Even with all the diversity among the Jewish people, one sentence epitomizes the Jewish relationship with the Land of Israel. It was around the year 500 B.C.E. when our psalmist put quill to parchment and wrote, shir ha’ma’a lot, “A song of ascending. When God returned the captives of Zion, we were like dreamers.” When God returned us from the forced exile in Babylonia, it was as if we were living a dream. And so we sing, every Shabbat and Yom Tov, after eating and feeling satisfied; we begin our praise of God, the source of food, Birkat Hamazon, with a song of ascending dreams.
The dream is not new. We can interpret it in every Torah portion we have read since the very beginning. Adam and Eve’s dream was to live forever and to follow their own rules. Cain dreamed of always doing right in God’s eyes. Noah dreamed of a world without violence. They dreamed of reaching God’s heights when they built the Tower of Babel. And in each case, the dream was not to be.
But then, God spoke to Abram, “Go forth to the land that I will show you.” For Abram and Sarai, that dream, the voice of the omnipresent intangible God became the compass of a journey that would last generations. They dreamed of a just God who punishes the guilty and spares the innocent — and Lot was saved from Sodom and Gemmorah. They dreamed of having a child in the land — and she laughed at Isaac’s birth. And the dream was almost shattered atop the mountain, but we are still here to relive it.
Isaac dreamed the same dream and found its fruition in Rebecca, who comforted and loved him in the absence of Sarah. They continued to dream, almost a nightmare. First the fear of infertility and then the fear of problematic pregnancy. The children fought in the womb, and the fighting never ceased.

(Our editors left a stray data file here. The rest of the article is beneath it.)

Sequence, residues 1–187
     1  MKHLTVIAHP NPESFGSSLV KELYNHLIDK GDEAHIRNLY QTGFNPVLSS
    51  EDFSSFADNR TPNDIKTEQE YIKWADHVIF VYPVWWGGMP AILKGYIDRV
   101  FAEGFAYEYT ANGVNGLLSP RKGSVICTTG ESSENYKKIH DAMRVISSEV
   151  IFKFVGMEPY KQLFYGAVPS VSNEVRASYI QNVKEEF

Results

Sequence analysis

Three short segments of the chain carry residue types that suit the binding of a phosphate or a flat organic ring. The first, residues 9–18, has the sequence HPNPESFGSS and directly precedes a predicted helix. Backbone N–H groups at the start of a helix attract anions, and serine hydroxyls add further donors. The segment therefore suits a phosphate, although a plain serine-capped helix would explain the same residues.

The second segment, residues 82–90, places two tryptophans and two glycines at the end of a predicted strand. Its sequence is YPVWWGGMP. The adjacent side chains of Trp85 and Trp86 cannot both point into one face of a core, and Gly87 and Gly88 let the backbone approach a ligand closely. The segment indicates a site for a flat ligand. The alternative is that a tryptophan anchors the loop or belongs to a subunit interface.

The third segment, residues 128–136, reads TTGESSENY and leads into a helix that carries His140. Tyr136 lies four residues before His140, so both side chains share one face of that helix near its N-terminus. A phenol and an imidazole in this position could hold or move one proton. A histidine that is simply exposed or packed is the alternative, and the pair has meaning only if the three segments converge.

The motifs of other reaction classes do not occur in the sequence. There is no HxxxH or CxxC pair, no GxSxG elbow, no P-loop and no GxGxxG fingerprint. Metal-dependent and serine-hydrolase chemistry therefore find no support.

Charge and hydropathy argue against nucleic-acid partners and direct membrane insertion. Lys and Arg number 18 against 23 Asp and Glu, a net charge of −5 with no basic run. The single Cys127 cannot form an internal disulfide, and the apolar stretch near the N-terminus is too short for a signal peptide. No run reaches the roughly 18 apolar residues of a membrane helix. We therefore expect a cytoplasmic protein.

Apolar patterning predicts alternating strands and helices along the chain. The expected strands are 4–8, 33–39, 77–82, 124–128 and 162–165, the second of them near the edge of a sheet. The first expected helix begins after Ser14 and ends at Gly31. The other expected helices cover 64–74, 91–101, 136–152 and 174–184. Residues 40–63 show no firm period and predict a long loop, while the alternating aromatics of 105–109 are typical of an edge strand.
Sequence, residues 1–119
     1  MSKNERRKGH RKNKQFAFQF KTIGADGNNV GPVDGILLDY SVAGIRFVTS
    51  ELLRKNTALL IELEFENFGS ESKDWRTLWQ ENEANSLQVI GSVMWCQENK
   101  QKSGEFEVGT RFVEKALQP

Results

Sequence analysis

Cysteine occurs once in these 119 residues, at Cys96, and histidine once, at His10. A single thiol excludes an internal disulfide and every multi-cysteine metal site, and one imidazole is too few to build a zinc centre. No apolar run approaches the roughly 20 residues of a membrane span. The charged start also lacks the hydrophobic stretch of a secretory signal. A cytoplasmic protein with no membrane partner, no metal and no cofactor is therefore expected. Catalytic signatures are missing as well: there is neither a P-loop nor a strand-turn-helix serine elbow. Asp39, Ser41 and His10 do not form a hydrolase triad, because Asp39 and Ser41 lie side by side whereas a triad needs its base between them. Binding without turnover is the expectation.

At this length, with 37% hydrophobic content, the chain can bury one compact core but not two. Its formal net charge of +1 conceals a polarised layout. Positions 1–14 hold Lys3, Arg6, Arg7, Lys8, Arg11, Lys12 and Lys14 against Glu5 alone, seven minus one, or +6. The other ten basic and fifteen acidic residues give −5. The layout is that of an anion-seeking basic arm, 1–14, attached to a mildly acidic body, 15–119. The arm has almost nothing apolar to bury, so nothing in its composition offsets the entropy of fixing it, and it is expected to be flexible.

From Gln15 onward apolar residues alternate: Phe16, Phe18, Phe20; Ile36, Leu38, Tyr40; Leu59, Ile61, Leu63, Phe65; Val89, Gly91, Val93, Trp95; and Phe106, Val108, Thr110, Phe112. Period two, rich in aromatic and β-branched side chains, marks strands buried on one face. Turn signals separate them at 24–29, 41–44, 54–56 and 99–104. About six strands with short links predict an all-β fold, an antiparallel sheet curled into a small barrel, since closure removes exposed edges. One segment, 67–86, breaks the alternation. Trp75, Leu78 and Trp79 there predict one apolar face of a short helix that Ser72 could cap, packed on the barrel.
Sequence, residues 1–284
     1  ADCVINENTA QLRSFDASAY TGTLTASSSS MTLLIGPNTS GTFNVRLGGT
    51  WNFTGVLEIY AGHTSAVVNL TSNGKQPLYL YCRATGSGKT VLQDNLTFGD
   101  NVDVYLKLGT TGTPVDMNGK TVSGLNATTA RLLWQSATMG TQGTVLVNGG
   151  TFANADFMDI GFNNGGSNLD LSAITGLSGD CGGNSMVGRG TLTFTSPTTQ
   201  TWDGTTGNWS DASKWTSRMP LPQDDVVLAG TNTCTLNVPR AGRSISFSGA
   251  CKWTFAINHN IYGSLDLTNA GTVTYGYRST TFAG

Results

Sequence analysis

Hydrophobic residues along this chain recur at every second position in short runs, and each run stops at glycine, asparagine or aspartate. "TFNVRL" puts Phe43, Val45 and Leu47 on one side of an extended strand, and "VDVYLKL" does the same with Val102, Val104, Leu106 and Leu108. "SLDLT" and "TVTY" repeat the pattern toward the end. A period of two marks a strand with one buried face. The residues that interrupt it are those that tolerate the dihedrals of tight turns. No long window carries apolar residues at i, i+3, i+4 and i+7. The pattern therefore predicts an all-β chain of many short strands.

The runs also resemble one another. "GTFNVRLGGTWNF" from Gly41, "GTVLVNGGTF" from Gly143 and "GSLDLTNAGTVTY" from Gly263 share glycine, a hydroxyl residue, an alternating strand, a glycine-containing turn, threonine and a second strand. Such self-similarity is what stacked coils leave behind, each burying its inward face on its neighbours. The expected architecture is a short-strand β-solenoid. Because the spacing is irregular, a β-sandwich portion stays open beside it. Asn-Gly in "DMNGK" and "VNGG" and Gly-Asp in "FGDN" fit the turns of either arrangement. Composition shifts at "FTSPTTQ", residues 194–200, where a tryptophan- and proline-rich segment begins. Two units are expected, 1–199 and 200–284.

Isaac and Rebecca had dreams for their children, but Esau disappointed them. His marriage to Judith, the Hittite, was evidence that he was willing to shatter the dream of continuity and intergenerational dialogue and support. And so Isaac and Rebecca continued the dream through Jacob. Yes, they tricked Esau, all three of them, because the dream must continue.
So we open this week’s Torah portion with a dream. Jacob, still itching from the furs he placed on his arms, still trembling from the anxiety of allegedly tricking his father, still panting from the dash to escape the vengeful Esau who vowed to kill him after the death of their father, comes to a certain place when the sun sets. He lay his head on a make-do pillow, a rock, and the dream continues: “Here, a ladder was set up on the earth, its top reaching the heavens, and here: Messengers of God were going up and down on it.”
So let’s ask the question: If a ladder reaches from earth to heaven and messengers of God are traveling upon it, which way would you suppose the messengers would be traveling? My first guess would be that they travel down from heaven, deliver their message and then ascend the ladder. But Torah teaches that the messengers first ascended to heaven and then descended to earth. Why? Rashi teaches us that those messengers who ascended were completing their tasks of escorting Jacob within the Land of Israel while those messengers who descended were escorting Jacob from the Land of Israel to the other lands he would visit.
And so we come full circle: dreams, ascending, the Land of Israel. Jacob’s dream is the dream of those who returned to the Land of Israel after the Babylonian Exile some 1,000 years later: a song of ascending climbing ladders and dreaming dreams all because of our physical and emotional connections with the Land of Israel. Even today, as we struggle for peace, our dreams for Israel must still ascend as if they were climbing a ladder straight to heaven.
Rabbi Ron Symons is the outgoing director of lifelong learning at Temple Sinai. This column is a service of the Greater Pittsburgh Rabbinic Association.